Looking to invest in Gold funds but don’t know too much about them? Here are some basic facts to get you started.
What are Gold funds?
Gold funds are similar to mutual funds except that they invest in gold instead of debt instruments or equity shares. A unit of a Gold fund is nearly equivalent to a gram of physical gold.
How does it work?
A Gold fund collects money from investors and uses it to buy gold in physical form. Of the total money collected, a major portion is used to buy gold and the rest is invested in low-risk debt products such as bonds and money market instruments. It does not invest in equities. As the major portion of funds is invested in gold, the performance of the fund depends on the price movement of gold. The performance of the fund is reflected in its Net Asset Value (NAV). This gives you a chance to make fresh investments even after the initial offer closes.
Is it suitable for all?
Till date investment in gold has always been through jewelry or coins. But there is a physical limitation to the actual amount of gold you can store. Besides, you cannot take advantage of the price variation in gold. But with Gold funds, you do not have these problems. All that you have to do is buy units in a Gold fund and these units will be credited to your demat account. It is advisable to allocate 5-10% of your savings towards investing in gold, as it has been shown that after equity and property, investment in gold yields the most returns – around 7-8% over the long term.
Reasons to say YES to Gold
* The dollar is weak and getting weaker due to national economic policies which don’t appear to have an end.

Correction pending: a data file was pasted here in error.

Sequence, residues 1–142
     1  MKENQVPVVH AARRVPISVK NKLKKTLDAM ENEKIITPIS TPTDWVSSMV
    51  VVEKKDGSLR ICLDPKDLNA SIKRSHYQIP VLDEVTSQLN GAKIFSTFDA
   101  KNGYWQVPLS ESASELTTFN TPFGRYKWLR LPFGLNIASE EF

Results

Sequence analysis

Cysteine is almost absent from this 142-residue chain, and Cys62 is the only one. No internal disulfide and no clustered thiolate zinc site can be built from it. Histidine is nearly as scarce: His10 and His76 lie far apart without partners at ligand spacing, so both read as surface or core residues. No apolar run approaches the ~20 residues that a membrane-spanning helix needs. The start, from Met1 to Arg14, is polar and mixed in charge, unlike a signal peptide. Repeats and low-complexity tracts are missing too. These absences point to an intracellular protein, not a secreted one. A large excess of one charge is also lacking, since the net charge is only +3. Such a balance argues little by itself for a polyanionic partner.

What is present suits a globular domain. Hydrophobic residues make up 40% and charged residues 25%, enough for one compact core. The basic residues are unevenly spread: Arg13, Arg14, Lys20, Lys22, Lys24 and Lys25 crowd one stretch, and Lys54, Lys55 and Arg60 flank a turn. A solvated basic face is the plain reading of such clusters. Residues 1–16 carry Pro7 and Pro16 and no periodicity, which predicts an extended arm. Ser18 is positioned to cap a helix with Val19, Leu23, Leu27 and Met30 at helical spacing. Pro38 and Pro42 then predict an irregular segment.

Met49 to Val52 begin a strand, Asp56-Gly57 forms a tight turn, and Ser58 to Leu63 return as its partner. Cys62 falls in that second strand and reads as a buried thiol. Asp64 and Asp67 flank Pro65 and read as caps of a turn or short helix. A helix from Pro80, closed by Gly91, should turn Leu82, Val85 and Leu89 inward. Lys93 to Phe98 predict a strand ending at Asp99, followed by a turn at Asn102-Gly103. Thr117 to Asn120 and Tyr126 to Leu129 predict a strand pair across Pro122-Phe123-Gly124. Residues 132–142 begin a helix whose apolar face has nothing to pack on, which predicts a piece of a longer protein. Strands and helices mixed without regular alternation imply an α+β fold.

* Gold price appreciation makes up for lost interest, especially in a bull market.
* The last four years are the beginning of a major bull move similar to the 70’s when gold moved from $38 to over $800.
* Central banks in several countries have stated their intent to increase their gold holdings instead of selling.
* All gold funds are in a long term uptrend with bullion, most recently setting new all-time highs.
* The trend of commodity prices to increase is relative to gold price increases.
* Worldwide gold production is not matching consumption. The price will go up with demand.
* Most gold consumption is done in India and China and their demand is increasing with their increase in national wealth.
* Several gold funds reached all-time highs in 2007 and are still trending upward.
* The short position held by hedged gold funds is being methodically reduced.
* U.S. government economic policies over the past decade have systematically projected the U.S. economy down a road with uncontrollable federal spending and an uncontrollably increasing trade deficits. Both will cause the dollar to lose in international value and will increase the price of alternative investments, such as gold.
* With the recent devaluation of many international currencies, the U.S. dollar was the international safe haven of last resort. We are seeing signs of this ending due to many financial factors, the most important one being a falling dollar.
* There are over One Trillion dollars ($1,500,000,000,000) of U.S. debt owned by foreigners which could be repatriated under certain conditions. This could cause a major decline in the value of the dollar and a soaring gold price.
* If you believe in ‘buy low, sell high’, gold is still low, but climbing.
What is the tax treatment?
Though Gold funds are similar to mutual funds, they are not treated at par with equity schemes. So you don’t enjoy the same tax-free treatment. Both short and long term capital gains tax, with indexation benefits, become payable.